Rails on the Neva river: ice and electric tram of St. Petersburg

January 31 marks the 125th anniversary of the opening of a unique transport system in St. Petersburg - an ice tram. In winter 1895 this specific mode started operations and  during next decade and a halfcarried hundreds of thousands of passengers. The electric tram came to the streets of St. Petersburg only in 1907.
The electric tram first appeared in St.Petersburg. Back in 1880, Fyodor Pirotsky conducted his famous "experiment in Degtyarny Lane":  a test run on a "carriage running on rails driven by electric force." And although the tests were successful, the owners of the “competing business” —the horse-railway companies —  blocked innovation introduction. The current legal contract  gave competitors the monopoly for using on existing city lines, so introduction of other types of traction was not possible. And although it was obvious to contemporaries - the electroc traction has more precpectives than hard-working horses, the horses were the main mode of transport on the streets of St. Petersburg until 1907. The carriers did not want to invest in the conversion of the lines into electric ones,  not foreseeing any additional benefits.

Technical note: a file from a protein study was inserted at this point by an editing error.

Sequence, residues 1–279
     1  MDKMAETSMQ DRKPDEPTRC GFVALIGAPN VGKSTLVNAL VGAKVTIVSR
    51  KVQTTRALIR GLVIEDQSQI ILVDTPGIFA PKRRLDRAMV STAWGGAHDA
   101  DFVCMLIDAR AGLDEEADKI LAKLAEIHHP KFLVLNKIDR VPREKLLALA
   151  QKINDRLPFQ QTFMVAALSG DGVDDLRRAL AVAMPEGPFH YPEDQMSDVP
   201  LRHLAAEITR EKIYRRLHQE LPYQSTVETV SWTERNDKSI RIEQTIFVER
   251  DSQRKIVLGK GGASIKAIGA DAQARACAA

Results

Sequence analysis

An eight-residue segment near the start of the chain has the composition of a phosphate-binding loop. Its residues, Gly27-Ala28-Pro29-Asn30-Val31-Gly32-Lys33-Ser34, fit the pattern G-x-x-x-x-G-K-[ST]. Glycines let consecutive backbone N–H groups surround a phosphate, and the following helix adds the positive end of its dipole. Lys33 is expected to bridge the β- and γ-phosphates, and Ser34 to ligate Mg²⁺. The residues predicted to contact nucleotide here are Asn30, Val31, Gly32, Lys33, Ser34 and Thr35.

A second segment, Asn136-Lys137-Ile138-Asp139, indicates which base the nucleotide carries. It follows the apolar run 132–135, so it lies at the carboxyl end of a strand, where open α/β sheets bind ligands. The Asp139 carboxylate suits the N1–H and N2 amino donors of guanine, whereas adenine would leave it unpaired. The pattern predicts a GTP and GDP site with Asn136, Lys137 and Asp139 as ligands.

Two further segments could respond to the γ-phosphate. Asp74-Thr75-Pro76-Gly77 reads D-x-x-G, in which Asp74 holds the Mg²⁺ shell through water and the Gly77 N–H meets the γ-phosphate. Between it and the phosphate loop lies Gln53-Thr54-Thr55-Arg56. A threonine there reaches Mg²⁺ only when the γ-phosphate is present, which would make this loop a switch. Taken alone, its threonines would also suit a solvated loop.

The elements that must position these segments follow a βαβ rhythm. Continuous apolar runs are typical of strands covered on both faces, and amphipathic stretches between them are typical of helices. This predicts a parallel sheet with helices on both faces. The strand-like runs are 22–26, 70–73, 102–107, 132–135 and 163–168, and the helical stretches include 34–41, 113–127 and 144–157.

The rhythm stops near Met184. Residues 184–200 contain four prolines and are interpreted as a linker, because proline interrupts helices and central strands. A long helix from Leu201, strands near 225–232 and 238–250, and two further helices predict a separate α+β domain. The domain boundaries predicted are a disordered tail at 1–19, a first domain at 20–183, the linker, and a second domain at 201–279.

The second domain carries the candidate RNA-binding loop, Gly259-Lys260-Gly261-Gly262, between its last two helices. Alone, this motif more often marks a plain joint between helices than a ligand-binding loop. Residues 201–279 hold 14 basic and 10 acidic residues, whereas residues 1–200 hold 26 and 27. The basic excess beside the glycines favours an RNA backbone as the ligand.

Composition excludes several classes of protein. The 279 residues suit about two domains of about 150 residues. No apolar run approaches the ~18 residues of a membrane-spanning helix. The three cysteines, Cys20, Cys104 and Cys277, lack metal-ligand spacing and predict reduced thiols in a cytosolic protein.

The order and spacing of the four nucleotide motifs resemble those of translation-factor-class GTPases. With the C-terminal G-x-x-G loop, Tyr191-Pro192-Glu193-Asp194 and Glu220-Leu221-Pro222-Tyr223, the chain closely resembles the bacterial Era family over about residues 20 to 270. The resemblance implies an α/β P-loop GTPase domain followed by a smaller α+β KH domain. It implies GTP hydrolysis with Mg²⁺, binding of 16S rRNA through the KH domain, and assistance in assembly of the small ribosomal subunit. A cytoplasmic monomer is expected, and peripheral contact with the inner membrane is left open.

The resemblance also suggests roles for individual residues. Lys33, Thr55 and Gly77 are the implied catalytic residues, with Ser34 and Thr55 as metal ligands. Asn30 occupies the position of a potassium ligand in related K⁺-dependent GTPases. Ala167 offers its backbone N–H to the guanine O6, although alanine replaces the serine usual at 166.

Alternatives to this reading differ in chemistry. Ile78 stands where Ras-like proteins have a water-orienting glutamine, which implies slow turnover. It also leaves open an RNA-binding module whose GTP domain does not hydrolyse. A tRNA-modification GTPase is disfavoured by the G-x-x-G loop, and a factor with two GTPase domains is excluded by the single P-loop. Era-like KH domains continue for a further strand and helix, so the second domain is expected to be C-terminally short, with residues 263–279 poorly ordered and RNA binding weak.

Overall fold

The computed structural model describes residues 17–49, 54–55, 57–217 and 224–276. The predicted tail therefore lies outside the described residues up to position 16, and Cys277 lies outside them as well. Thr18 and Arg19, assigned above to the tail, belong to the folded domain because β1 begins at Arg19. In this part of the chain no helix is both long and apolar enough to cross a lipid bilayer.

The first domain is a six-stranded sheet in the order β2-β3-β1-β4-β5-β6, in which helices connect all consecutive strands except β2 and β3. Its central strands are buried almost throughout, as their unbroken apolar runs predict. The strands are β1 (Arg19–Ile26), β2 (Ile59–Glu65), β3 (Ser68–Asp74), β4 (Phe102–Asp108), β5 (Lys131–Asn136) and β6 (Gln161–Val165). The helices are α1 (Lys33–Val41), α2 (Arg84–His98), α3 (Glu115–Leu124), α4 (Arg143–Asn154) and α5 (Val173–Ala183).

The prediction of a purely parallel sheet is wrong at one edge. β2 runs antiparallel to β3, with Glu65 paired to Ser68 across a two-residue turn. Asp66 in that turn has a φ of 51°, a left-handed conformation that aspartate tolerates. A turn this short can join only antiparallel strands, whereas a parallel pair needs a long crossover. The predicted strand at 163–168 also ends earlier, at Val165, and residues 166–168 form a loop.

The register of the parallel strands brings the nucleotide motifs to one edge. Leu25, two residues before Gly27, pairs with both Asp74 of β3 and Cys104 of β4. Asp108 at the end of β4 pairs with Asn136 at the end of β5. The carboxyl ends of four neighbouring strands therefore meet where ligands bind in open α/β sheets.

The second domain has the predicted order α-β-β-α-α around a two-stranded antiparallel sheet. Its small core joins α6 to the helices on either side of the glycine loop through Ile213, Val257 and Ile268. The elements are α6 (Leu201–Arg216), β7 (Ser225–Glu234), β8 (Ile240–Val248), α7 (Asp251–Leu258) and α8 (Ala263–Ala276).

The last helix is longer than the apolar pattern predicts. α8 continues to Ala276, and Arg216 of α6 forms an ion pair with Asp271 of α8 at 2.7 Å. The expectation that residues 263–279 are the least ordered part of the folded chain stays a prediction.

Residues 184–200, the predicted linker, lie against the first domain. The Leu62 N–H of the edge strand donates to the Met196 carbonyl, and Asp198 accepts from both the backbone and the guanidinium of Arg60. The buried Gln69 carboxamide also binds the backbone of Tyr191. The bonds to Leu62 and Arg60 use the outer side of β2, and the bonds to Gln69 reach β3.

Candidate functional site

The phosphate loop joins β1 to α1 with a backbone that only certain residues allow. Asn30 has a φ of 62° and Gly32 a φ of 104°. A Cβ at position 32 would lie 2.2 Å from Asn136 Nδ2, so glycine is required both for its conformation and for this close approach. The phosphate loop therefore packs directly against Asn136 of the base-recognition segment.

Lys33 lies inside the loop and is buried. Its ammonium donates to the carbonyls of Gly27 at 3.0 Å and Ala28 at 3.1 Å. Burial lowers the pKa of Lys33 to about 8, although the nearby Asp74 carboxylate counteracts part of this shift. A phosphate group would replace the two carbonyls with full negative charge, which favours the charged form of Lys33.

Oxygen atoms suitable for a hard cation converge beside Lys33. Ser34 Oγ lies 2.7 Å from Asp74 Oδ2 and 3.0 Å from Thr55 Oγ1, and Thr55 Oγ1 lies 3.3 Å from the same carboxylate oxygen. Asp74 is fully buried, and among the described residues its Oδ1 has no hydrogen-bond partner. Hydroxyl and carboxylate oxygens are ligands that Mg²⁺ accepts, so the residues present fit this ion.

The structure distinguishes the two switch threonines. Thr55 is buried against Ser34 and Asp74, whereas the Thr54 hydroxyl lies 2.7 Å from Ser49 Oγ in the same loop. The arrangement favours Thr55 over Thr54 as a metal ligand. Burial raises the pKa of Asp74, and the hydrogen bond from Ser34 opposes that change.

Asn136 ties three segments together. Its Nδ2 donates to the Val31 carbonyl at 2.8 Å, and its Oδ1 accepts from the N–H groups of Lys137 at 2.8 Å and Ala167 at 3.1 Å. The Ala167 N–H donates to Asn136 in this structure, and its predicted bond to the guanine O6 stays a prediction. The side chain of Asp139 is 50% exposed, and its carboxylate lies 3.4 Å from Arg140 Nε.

However, the electric tram found its way to start work in St. Petersburg in the 19th century. The Finnish Light Shipping Company laid lines on the ice of the frozen Neva river connecting Senate Square with Vasilievsky Island, Palace Embankment with Mytninskaya and Suvorov Square with the Vyborg Side in 1895. In the warm season, these routes were served by ferry. Tram cars received power from the contact network, which was mounted on wooden poles. The  transmission tpowers were frozen into ice. The ice tram was very popular and transported up to 900 thousand passengers per season! The magazine "World Illustration" in 1895 wrote that the first electrified line in the city "is a great convenience for the inhabitants of the Petersburg side, who  can have excellent, fast communication with the central parts of the capital for two pennies ."
The owners of the horse trams sued the City Council, accusing it for violating the contract, but the judges decided that the terms of the document apply only to the streets of St. Petersburg and do not touch the waterways. Finally, in 1902, upon the contract  expired. All transport infrastructure together with the rolling stock was transferred to the city, and the tram system designing started. In 1907, electric trams opened operatiion on the streets of the city, and their ice brothers  appeared on the Neva river in the winter of 1910 for the last time. During the operation of the “winter” trams, serious accidents and dips under the ice had never happened.